Riley v. Weber et al

Filing 36

ORDER adopting 32 Report and Recommendation; overruling 34 Objection to Report and Recommendation; granting 18 Motion to Dismiss; granting 22 Motion for Summary Judgment; and declining to issue a certificate of appealability. Signed by Chief Judge Jeffrey L. Viken on 9/21/17. (SB) Modified on 9/21/2017 (SB).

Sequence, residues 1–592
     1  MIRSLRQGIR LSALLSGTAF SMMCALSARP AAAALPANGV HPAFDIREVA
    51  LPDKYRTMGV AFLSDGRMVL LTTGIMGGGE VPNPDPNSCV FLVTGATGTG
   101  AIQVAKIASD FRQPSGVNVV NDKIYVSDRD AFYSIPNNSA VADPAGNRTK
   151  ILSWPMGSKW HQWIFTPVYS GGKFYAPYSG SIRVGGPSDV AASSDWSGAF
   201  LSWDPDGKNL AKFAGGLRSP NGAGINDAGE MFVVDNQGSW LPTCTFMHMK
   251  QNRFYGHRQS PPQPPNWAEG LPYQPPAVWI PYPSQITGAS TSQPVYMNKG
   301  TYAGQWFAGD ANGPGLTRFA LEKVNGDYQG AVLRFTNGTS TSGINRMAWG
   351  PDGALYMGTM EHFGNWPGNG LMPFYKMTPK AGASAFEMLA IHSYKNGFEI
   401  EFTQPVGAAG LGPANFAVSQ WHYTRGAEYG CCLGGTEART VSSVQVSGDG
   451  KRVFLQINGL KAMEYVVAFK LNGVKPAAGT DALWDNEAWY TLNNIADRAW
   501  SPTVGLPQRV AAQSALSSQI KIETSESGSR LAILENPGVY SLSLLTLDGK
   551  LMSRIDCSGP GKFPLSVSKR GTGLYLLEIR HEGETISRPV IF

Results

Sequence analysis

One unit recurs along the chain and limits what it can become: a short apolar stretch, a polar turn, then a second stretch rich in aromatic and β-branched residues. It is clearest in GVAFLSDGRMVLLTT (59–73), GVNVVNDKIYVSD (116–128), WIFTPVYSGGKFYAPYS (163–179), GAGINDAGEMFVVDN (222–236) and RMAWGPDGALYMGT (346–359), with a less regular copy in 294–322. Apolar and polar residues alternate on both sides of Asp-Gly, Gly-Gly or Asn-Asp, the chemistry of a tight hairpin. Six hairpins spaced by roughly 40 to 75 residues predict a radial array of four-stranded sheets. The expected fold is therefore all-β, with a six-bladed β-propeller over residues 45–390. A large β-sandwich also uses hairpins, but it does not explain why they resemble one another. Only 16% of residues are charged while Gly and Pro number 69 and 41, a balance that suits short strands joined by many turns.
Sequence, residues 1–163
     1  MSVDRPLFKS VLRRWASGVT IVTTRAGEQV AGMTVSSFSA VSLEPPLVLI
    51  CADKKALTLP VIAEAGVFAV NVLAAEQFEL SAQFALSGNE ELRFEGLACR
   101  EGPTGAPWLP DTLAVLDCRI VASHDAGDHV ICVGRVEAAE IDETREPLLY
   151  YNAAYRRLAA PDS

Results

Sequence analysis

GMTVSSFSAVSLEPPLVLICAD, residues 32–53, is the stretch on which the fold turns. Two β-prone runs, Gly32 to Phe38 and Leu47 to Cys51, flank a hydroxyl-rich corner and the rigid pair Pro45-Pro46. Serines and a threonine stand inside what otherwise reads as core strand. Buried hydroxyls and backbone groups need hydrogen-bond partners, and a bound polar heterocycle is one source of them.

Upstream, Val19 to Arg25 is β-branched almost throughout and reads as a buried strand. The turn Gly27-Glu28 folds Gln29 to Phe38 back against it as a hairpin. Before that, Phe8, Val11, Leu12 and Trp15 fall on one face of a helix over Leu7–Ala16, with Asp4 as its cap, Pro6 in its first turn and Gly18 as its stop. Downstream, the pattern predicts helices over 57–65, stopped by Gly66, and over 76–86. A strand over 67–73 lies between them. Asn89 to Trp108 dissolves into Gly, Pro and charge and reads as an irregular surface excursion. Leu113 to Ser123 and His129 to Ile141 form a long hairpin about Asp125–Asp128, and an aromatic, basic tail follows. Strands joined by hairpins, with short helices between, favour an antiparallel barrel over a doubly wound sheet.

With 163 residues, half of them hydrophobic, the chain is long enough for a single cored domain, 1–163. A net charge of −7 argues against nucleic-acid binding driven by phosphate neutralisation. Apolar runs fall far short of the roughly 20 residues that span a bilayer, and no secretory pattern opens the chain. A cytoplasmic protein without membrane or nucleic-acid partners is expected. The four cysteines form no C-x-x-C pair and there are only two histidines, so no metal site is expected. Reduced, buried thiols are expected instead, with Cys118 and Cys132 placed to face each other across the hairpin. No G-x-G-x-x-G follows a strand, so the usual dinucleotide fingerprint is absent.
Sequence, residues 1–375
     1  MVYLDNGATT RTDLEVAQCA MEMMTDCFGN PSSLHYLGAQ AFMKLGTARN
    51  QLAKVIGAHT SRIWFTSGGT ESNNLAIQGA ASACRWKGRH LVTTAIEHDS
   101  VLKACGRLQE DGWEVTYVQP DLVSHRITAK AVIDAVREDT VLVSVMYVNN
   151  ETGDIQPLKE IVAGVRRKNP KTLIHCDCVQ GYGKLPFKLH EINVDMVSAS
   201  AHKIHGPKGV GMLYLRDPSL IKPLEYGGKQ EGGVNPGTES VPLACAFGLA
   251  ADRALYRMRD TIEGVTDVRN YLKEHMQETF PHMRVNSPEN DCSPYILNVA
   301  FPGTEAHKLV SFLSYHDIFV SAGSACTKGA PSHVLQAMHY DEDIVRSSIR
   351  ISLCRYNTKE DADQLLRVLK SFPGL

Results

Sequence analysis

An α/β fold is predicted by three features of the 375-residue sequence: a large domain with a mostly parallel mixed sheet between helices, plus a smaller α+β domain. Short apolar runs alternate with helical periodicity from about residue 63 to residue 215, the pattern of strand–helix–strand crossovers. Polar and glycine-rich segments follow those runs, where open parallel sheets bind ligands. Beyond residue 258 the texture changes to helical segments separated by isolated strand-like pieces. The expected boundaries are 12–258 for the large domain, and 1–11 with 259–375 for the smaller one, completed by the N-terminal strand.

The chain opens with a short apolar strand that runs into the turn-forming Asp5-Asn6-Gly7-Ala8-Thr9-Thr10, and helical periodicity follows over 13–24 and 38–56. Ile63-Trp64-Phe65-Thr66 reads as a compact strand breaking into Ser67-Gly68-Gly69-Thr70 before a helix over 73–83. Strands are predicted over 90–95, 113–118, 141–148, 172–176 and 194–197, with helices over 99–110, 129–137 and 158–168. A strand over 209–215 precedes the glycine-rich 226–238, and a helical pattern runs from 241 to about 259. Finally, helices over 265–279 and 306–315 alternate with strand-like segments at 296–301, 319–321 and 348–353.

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UNITED STATES DISTRICT COURT DISTRICT OF SOUTH DAKOTA WESTERN DIVISION CIV. 15-5073-JLV JAMES DUANE RILEY, Petitioner, ORDER vs. DOUGLAS WEBER, MIKE DURFEE STATE PRISON, SPRINGFIELD, SD; and MARTY JACKLEY, ATTORNEY GENERAL OF THE STATE OF SOUTH DAKOTA, Respondents. INTRODUCTION Petitioner James Duane Riley, an inmate at the Mike Durfee State Prison in Springfield, South Dakota, filed an amended petition for writ of habeas corpus pursuant to 28 U.S.C. § 2254. (Docket 16). The matter was referred to United States Magistrate Judge Veronica L. Duffy under 28 U.S.C. § 636(b)(1)(B). Judge Duffy issued a report recommending the court dismiss Mr. Riley’s habeas petition with prejudice. objection. (Docket 32 at p. 66). Mr. Riley timely filed his (Docket 34). The court reviews de novo those portions of the report and recommendation which are the subject of objections. Thompson v. Nix, 897 F.2d 356, 357-58 (8th Cir. 1990); 28 U.S.C. § 636(b)(1). The court may then “accept, reject, or modify, in whole or in part, the findings or recommendations made by the magistrate judge.” 28 U.S.C. § 636(b)(1). Mr. Riley’s objection is overruled and the report and recommendation is adopted in full. PETITIONER’S OBJECTION Mr. Riley’s objection to the report and recommendation is limited to Claim 3 of the amended petition. (Docket 34 at p. 1). Petitioner’s objection is that his “right to due process was violated when he was convicted on insufficient evidence. . . . [And] [t]he magistrate erred in finding that the South Dakota Supreme Court’s decision was not objectively unreasonable.” Id. at pp. 1 & 5. ANALYSIS Petitioner acknowledges the magistrate judge “correctly noted the applicable legal standards for federal review of a state court conviction being challenged on insufficiency grounds.” Id. at p. 1 (referencing Docket 32 at p. 59) (“When a federal court reviews a sufficiency of the evidence claim as to a state court conviction, the appropriate standard to apply is ‘whether, after viewing the evidence in the light most favorable to the prosecution, any rational trier of fact could have found the essential elements of the crime beyond a reasonable doubt.’ ”) (citing Jackson v. Virginia, 443 U.S. 307, 319 & 324, (1979) (emphasis in original). Petitioner also acknowledges the magistrate judge “correctly noted the deference given to the underlying state court determination that the evidence in a particular case was sufficient to sustain the conviction.” Id. at p. 2 (referencing Docket 32 at p. 60) (“[W]hen a federal habeas court reviews a state court decision, it may not overturn that decision rejecting a sufficiency of the 2 evidence challenge simply because the federal court disagrees with the state court. The federal court instead may do so only if the state court decision was ‘objectively unreasonable.’ ”) (citing Coleman v. Johnson, 566 U.S. 650, 132 S. Ct. 2060, 2062 (2012) (some internal quotation marks and citation omitted). Mr. Riley claims the magistrate judge “erred in applying these principals to the facts of the case.” Id. at p. 2. Mr. Riley was convicted by a jury in state court of count I of a two-count indictment charging “possession of child pornography in violation of SDCL 22-24A-3(3).” (“Riley I”). South Dakota v. Riley, 841 N.W.2d 431, 434-35 (S.D. 2013) Count I was associated with what the court identified as “the full video,” and Count II was associated with “the partial video.” jury failed to reach a verdict as to Count II. Id. at 435. The Id. The magistrate judge noted the South Dakota Supreme Court found the prosecution “relied entirely on circumstantial evidence to convict Mr. Riley of possessing the [full] video.” (Docket 32 at p. 62) (referencing Riley I, 841 N.W.2d at 436) (“Here, the State presented no direct evidence that Riley possessed the full video, but rather relied on circumstantial evidence to convict Riley.”). The South Dakota Supreme Court identified the circumstantial evidence presented at trial and the reasonable inferences from the evidence as follows: [Agent] Kuchenreuther testified that he downloaded the full video from the IP address leased to Riley. Riley I, 841 N.W.2d at 437; [T]he video file was located in a shared folder within the LimeWire file-sharing program that was using Riley’s IP address. Id.; 3 Riley admitted that he used LimeWire and introduced no evidence that someone else was using his IP address. Id.; Riley’s girlfriend testified that he used LimeWire and that he was the only one who used the computer and the Internet at their home. Id.; and [Riley’s girlfriend] further testified that only one computer in the house was working. “From this evidence,” the South Dakota Supreme Court concluded “the jury could reasonably infer that Riley had exclusive access to the computer associated with his IP address and downloaded the full video.” Id. at p. 437. The next grouping of circumstantial evidence presented to the jury and the reasonable inferences which the South Dakota Supreme Court found from that evidence was as follows: [D]uring Riley’s interview with [Agent] Gromer, Riley admitted that he glanced at child pornography, and his responses to Gromer’s questions suggested Riley was aware that pornographic videos had been on his computer. Id.; Riley’s girlfriend testified that she informed Riley at 1:00 a.m. that investigators had been at the house and that they would return at 6:00 a.m. Id. at p. 438; [Riley’s girlfriend] informed Riley the officers would be returning, and before the officers arrived, she observed Riley working on his computer but did not know what he was doing. Id.; [Agent] Eisenbraun [testified] that the forensic evaluation revealed the computer’s operating system had been reinstalled at 5:37 a.m., approximately one hour before officers arrived at Riley’s residence. Id.; [Agent] Eisenbraun testified that in his opinion, this reinstallation likely overwrote the files containing videos of child pornography on Riley’s computer. Id.; 4 Riley admitted to using LimeWire, but LimeWire was not found on his computer. Id.; and [Agent] Eisenbraun also testified that a significant amount of music [which Riley stated he had acquired through LimeWire] had been taken off of Riley’s computer prior to the operating system reinstallation. Id. “From this evidence,” the South Dakota Supreme Court concluded “the jury could reasonably infer Riley deleted a number of items, including the full video [Agent] Kuchenreuther downloaded on October 20, 2009, and [that Riley] reinstalled the operating system before law enforcement arrived, effectively deleting the video.” Id. at p. 438. The last grouping of circumstantial evidence presented to the jury and from which the South Dakota Supreme Court concluded reasonable inferences were appropriate was as follows: [Agent] Eisenbraun testified that he used a screen shot from Kuchenreuther’s investigation to perform a text-string search, which searched Riley’s computer for text strings corresponding to file names generated during Kuchenreuther’s investigation. Id.; [Agent] Eisenbraun found multiple text strings, including text strings related to the full video, on the unallocated space of Riley’s computer. Id.; and [Agent] Eisenbraun testified that these text strings, or file names, ‘‘clearly . . . suggest[ ] child pornography.’’ Id. “From this evidence,” the South Dakota Supreme Court concluded “the jury could reasonably infer that child pornography had been present on Riley’s computer on October 20, 2009, when Kuchenreuther located the files and successfully downloaded the full video.” 5 Id. The South Dakota Supreme Court’s analysis acknowledged the law precluded a “divide-and-conquer analysis” of each individual piece of evidence. Riley I, 841 at p. 437 (referencing United States v. Arvizu, 534 U.S. 266, 274 (2002) (a review under the totality of the circumstances test precludes evaluating each factor in isolation in order to create a susceptible innocent explanation that entitles that factor to no weight). In conclusion, the South Dakota Supreme Court found that “reviewing the evidence as a whole and in the light most favorable to the verdict, we conclude there was sufficient evidence for a rational jury to find Riley guilty beyond a reasonable doubt.” Id. at 438. The magistrate judge referred to Henry David Thoreau’s musing that “some circumstantial evidence is very strong, as when you find a trout in the milk”1 in her evaluation of the circumstantial evidence. (Docket 32 at p. 63). Mr. Riley’s objection placed great emphasis on the magistrate judge’s use of this analogy. (Docket 34 at pp. 3-4). Mr. Riley argues because the magistrate judge agreed with the dissent in Riley I that “the text strings found on Riley’s hard drive “ ‘Some circumstantial evidence is very strong, as when you find a trout in the milk.’ (Henry David Thoreau). There are two great branches of evidence in a Criminal Case. They are direct evidence and circumstantial evidence. The meaning of direct evidence is as plain as the nose on your face. . . . Whatever a person perceives with any of his physical senses is direct evidence. . . . Everything else is circumstantial. . . .If it isn’t direct evidence it’s circumstantial evidence. And if there’s a trout in a can of milk, we know the farmer has dipped his can into a stream of water. We didn’t see him do it, but we know the squiggly rainbow didn’t come from a cow’s udder. The finned scrapper getting his first taste of milk is irrefutable circumstantial evidence of dairy farmer duplicity!” A Trout in the Milk, Profiles in Prosecution, Mel Harmon, May 2011 (Overview). 60042 1 6 was equivocal,” and she found this “as odd as finding a trout in the milk for an innocent man to embed text strings suggestive of child pornography in his computer,” the magistrate judge erroneously permitted these “suspicious circumstances” to create “incriminating inferences sufficient to sustain a verdict.” Id. at pp. 3-4 (referencing Docket 32 at p. 63). Mr. Riley ignored the totality of the evidence considered by the magistrate judge. The magistrate judge’s analysis concluded that standing alone, each statement might appear odd, but when considered in conjunction with the other circumstantial evidence, the oddity evaporates and constitutes strong circumstantial evidence of guilt. The circumstantial evidence and the permissible inferences develop as follows. Agent Kuchenreuther identified child pornography associated with the IP address at Mr. Riley’s home in Hermosa, South Dakota. Agent Kuchenreuther could not identify the particular computer which was using that IP address. Riley’s girlfriend testified there was only one operable computer in their home and Mr. Riley was the only operator of that computer. Riley’s girlfriend testified Mr. Riley was the only person home when Agent Kuchenreuther associated child pornography with that IP address. It is a permissible inference that Mr. Riley was using his own computer when the child pornography was identified as residing at the IP address. Agent Eisenbraun testified the text string names were suggestive of child pornography. These text strings matched the descriptions witnessed by Agent 7 Kuchenreuther on Mr. Riley’s IP address during October 2009. The full video had been downloaded from Mr. Riley’s computer by Agent Kuchenreuther in October 2009. Two of the text string names matched two of the names on the list of 79 videos observed at Mr. Riley’s IP address during the January 2010 search of the computer. The 79 videos identified by Kuchenreuther were no longer on Mr. Riley’s computer when it was searched in January 2010. The full video was not present on the computer during the January 2010 search of the computer. It is a permissible inference that Mr. Riley had the full video on his computer in October 2009. Mr. Riley argues the magistrate judge erred when she commented “that ‘the jury surely found it odd’ that [Mr. Riley] reinstalled his computer’s operating system after a long drive home from California . . . in the hours immediately before the police were coming for his computer.” (Docket 34 at p. 4). He suggests the magistrate judge mistakenly moved this suspicious circumstance into a valid inference that Mr. Riley “possessed child pornography.” Mr. Riley’s argument is misplaced. Id. Assuming Mr. Riley’s computer crashed while he was in California, it is suspicious that he would drive 14 hours home, arrive at 1 a.m., be warned by his girlfriend that law enforcement was going to be at his home at 6:30 a.m. and then spend the remainder of the night reinstalling his computer’s operating system. It is a valid inference from this circumstantial evidence that Mr. Riley had something on his computer he did not want seen by law enforcement. Based on Mr. Riley’s conduct, the jury could 8 reasonably infer he intended to eliminate any evidence of child pornography from his computer. The magistrate judge concluded “the circumstantial evidence indicating Mr. Riley in fact possessed child pornography is strong enough that this court cannot conclude it was ‘objectively unreasonable’ for the South Dakota Supreme Court to find that a rational trier of fact could have found Mr. Riley guilty beyond a reasonable doubt.” (Docket 32 at pp. 65-66). Based on this conclusion, the magistrate judge found “the South Dakota state court made factual findings that were fairly supported in the record and it did not unreasonably apply federal law.” Id. at p. 66. For this reason, the magistrate judge “recommended that Mr. Riley’s third claim for relief be denied with prejudice and that no certificate of appealability be issued.” Id. The circumstantial evidence presented during Mr. Riley’s state court trial did not result in a conviction based on an improper inference or mere suspicion. Wesson v. United States 172 F.2d 931, 933-34 (8th Cir. 1949). Substantial evidence supports the jury’s verdict and the decision of the South Dakota Supreme Court to affirm the verdict. See United States v. Lam, 338 F.3d 868, 872 (8th Cir. 2003) (“[T]he facts and circumstances relied on by the government must be consistent with guilt, but they need not be inconsistent with any other hypothesis, and it is enough to convict if the entire body of evidence is sufficient to convince the jury beyond a reasonable doubt that the defendant is guilty.”) (internal citation omitted). The magistrate judge properly concluded the 9 decision of the South Dakota Supreme Court was not “objectively unreasonable.” Coleman, 132 S. Ct. at 2062. Mr. Riley’s objection is overruled. ORDER The court finds the report and recommendation is an accurate and thorough recitation of the facts and applicable law. The court further finds the magistrate judge’s legal analysis is well-reasoned. Having carefully reviewed the record in this case and good cause appearing, it is ORDERED that Mr. Riley’s objection (Docket 34) to the report and recommendation is overruled. IT IS FURTHER ORDERED that the report and recommendation (Docket 32) is adopted in full. IT IS FURTHER ORDERED that the respondents’ motions (Dockets 18 & 22) are granted consistent with this order. IT IS FURTHER ORDERED that the amended petition (Docket 16) is dismissed with prejudice. IT IS FURTHER ORDERED that, pursuant to 28 U.S.C. § 2253(c) and Rule 11 of the Rules Governing Section 2254 Cases in the United States District Courts, the court declines to issue a certificate of appealability. Although the court declines to issue a certificate of appealability, Mr. Riley may timely seek a certificate of appealability from the United States Court of Appeals for the Eighth Circuit under Fed. R. App. P. 22. See Rule 11(a) of the 10 Rules Governing Section 2254 Cases in the United States District Courts and Fed. R. App. P. 22. Dated September 21, 2017. BY THE COURT: /s/ Jeffrey L. Viken JEFFREY L. VIKEN CHIEF JUDGE 11